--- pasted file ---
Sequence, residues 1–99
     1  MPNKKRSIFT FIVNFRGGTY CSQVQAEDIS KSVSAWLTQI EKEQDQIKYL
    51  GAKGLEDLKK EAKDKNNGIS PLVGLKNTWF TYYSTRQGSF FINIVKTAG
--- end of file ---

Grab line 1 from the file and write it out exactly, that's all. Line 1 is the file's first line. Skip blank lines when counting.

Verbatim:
Sequence, residues 1–99